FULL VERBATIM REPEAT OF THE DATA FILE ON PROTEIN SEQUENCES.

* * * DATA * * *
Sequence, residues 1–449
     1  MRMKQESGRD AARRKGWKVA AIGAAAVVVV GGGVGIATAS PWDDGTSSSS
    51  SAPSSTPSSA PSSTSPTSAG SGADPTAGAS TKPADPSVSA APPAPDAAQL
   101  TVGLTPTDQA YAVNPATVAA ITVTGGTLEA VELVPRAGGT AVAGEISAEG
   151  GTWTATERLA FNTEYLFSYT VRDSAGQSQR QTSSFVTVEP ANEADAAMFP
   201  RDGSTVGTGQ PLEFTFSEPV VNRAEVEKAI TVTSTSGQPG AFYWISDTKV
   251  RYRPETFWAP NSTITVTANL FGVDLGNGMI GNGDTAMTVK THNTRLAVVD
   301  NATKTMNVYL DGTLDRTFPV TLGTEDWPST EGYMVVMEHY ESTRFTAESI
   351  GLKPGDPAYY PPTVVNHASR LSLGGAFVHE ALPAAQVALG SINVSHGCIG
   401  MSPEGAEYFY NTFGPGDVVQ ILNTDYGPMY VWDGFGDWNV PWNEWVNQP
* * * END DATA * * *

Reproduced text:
Sequence, residues 1–449
     1  MRMKQESGRD AARRKGWKVA AIGAAAVVVV GGGVGIATAS PWDDGTSSSS
    51  SAPSSTPSSA PSSTSPTSAG SGADPTAGAS TKPADPSVSA APPAPDAAQL
   101  TVGLTPTDQA YAVNPATVAA ITVTGGTLEA VELVPRAGGT AVAGEISAEG
   151  GTWTATERLA FNTEYLFSYT VRDSAGQSQR QTSSFVTVEP ANEADAAMFP
   201  RDGSTVGTGQ PLEFTFSEPV VNRAEVEKAI TVTSTSGQPG AFYWISDTKV
   251  RYRPETFWAP NSTITVTANL FGVDLGNGMI GNGDTAMTVK THNTRLAVVD
   301  NATKTMNVYL DGTLDRTFPV TLGTEDWPST EGYMVVMEHY ESTRFTAESI
   351  GLKPGDPAYY PPTVVNHASR LSLGGAFVHE ALPAAQVALG SINVSHGCIG
   401  MSPEGAEYFY NTFGPGDVVQ ILNTDYGPMY VWDGFGDWNV PWNEWVNQP